When I read that editorial, I called John J. Lavalle, the Suffolk Republican leader, and indicated I would take on the orphaned Republican line and run a campaign on my record against this corruption. Most people in East Hampton Town who follow the courts know my private practice record. My latest trial was to contest the town’s criminal prosecution of tenants for the landlord’s failure to register a property with the rental registry. The East Hampton jury took 28 minutes to find my client not guilty.

 I have been an assistant district attorney, county attorney for federal litigation, and senior rule of law adviser for the Department of State in Iraq. I led the New York pro bono 9/11 effort, by taking the lead Cantor Fitzgerald case to hearing before special master Feinberg. My work in that effort, which included dozens of other F.D.N.Y., N.Y.P.D. and civilian claims, was profiled in a cover National Law Journal story entitled “Intensive Care.” I also created, with my nephew, a lump sum disability benefit program for seriously wounded service members in response to the poverty on the ward at Walter Reed Army Medical Center. Before law school, I served as an undercover investigator for a state civil rights unit under Mario Cuomo.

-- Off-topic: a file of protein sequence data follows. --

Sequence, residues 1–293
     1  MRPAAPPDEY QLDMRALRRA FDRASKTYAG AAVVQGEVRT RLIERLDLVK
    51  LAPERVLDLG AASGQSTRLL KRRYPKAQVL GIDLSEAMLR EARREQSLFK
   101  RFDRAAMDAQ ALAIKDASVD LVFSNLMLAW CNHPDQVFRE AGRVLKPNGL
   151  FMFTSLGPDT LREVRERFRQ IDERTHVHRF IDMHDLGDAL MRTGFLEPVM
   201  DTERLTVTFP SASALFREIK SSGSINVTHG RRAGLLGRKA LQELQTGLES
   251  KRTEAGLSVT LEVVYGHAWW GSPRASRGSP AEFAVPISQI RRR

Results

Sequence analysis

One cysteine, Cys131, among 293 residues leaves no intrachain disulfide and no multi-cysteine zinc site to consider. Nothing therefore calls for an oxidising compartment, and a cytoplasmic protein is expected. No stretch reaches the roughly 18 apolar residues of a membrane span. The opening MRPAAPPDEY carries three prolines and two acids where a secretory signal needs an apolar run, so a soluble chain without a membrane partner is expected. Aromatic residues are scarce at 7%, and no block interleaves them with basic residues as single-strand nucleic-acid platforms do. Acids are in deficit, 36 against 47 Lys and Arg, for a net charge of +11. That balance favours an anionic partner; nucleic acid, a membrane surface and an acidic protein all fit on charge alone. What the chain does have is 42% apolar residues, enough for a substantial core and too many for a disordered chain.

On the long road toward merit and fitness selection for Supreme Court judges in New York State, this election will provide voters in Nassau and Suffolk County an opportunity to, as Newsday’s editorial suggests, spot the deception by the political bosses of the voter. The Democrat Party has made their deal with the Conservatives. That does not mean you have to be taken in by, as Newsday has described it, “this cynical charade by party bosses will continue to stain the impartiality of judges and perpetuate a lackluster bench.” You can follow more of my campaign at facebook.com/larrykellyforsupremecourt. You can vote for me on Row B, the Republican line. I know that will be a difficult move for a lot of East Hampton voters. Think of it as a step toward recovery from being taken in by the conduct Newsday describes as “a shining example of how minor parties are corrupting our judicial system.”